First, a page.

3D printing has the potential to dramatically change the way health care is delivered. The U.S. Food and Drug Administration (FDA) has already approved the use of 3D printing in the pharmaceutical space, and important questions are emerging around regulation and liability.
In the piece below, David L. Ferrera, a partner in the Litigation Department of Boston-based Nutter and chair of the firm’s Product Liability and Toxic Tort Litigation practice group, and Robyn S. Maguire, also a partner in the Litigation Department and a member of the firm’s Product Liability and Toxic Tort Litigation and Business Litigation practice groups, weigh in on the revolution of 3D printing in the health care industry as well as the liability of 3D manufactured medical devices.
Q: How is 3D printing revolutionizing health care?
3D printing has the potential to dramatically change the way health care is delivered. The U.S. Food and Drug Administration (FDA) has already approved the use of 3D printing in the pharmaceutical space. The technology is being used to bind together layers of powder with aqueous fluid to create pills that dissolve with just a drop of water, delivering medications quickly and effortlessly.
3D printing is also changing the way medical professionals deliver prosthetic care, like hip and knee replacements. In the very near future, physicians will be able to design and produce customized medical devices to satisfy the immediate needs of their patients using on-site printers. Not only will hospitals and other providers be equipped to print using metal or plastic, they will be able to “bioprint.” Bioprinting involves layering cells, sometimes using a dissolvable scaffold, to form human tissue or organs. Patients around the globe already have successfully received 3D printed jawbones, dental implants, and ears. Although the challenges posed by printing complex human organs are great, bladder, skin, and liver prototypes have already been developed.
Q: How will the FDA regulate 3D manufactured medical devices?
The FDA recently released “leap-frog” guidance for medical device manufacturers aimed at giving the industry a sense of their initial thinking. The FDA suggested that, at least preliminarily, 3D printed devices and products will be required to follow the same regulatory requirements as their non-3D printed counterparts. However, it also stressed that because of the unprecedented levels of product customization available through 3D printing, manufacturers and firms should engage with the FDA’s pre-submission process before going to market.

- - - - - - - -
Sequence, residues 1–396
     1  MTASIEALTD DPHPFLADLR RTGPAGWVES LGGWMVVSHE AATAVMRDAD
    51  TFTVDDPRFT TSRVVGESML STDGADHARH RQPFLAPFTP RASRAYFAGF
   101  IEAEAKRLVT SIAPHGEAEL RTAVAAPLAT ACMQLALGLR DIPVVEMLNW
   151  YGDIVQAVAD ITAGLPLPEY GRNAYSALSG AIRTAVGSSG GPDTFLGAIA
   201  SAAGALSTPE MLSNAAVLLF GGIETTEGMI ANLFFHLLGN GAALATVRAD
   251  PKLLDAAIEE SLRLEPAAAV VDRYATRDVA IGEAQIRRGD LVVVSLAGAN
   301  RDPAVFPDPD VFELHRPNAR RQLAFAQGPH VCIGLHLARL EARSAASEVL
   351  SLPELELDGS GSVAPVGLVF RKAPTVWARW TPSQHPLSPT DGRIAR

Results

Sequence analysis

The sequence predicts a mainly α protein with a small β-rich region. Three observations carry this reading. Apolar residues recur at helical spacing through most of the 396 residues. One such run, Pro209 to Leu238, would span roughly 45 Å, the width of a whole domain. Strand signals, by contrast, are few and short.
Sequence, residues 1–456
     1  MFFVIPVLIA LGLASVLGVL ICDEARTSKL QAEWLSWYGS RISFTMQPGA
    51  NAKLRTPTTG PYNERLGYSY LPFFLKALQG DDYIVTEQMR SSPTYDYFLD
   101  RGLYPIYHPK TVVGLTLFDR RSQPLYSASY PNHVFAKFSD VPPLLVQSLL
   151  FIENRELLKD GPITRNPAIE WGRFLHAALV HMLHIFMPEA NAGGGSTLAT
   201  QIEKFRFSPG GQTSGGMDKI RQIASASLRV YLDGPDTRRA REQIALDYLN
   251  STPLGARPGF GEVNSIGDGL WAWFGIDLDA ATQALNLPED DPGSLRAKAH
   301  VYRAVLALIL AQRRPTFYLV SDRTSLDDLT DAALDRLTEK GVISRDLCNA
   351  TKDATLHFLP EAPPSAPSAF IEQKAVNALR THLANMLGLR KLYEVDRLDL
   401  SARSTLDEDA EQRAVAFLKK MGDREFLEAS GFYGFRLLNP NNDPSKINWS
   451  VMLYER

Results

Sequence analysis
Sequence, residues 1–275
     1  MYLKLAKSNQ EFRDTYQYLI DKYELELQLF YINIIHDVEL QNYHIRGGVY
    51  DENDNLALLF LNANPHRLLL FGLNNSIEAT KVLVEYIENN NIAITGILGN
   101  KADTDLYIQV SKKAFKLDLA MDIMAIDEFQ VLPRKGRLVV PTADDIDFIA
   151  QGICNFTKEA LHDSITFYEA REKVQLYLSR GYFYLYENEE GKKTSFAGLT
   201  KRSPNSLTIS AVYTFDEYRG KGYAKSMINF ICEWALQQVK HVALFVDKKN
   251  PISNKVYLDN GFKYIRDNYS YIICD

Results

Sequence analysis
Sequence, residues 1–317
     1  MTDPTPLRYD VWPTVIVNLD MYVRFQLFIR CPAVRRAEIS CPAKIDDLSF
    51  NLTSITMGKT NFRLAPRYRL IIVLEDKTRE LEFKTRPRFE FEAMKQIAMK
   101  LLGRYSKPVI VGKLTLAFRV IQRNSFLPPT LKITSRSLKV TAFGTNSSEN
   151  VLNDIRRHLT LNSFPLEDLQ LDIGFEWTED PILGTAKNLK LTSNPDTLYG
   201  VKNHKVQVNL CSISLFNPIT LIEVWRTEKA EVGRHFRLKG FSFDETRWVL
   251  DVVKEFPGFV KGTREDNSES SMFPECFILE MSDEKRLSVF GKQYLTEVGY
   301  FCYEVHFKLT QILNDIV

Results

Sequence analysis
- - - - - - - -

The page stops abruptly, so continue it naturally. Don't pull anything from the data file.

Q: Health care delivery is always fraught with challenges. Which entities will face liability if a 3D printed solution fails?
Liability remains a somewhat open question, because 3D printing is both relatively novel and extremely intricate. It’s likely that at first courts will try to apply the same theories of liability used to evaluate tangible things produced using traditional manufacturing processes—by examining the design, manufacture, and distribution of the defective product.
However, 3D printing turns the traditional manufacturing process on its head. Is the “manufacturer” the person or entity that designs and emails a CAD file? Or is it the person who downloads and prints it? Is the “product” the pharmaceutical or medical device, or is it the CAD file itself? The rationale supporting the traditional products liability regime relies on the economic power of the commercial sellers and manufacturers as a justification for fixing them with liability. As courts begin to address these types of questions, they will have to grapple with the interesting issues raised by shoehorning new technology into an old legal framework.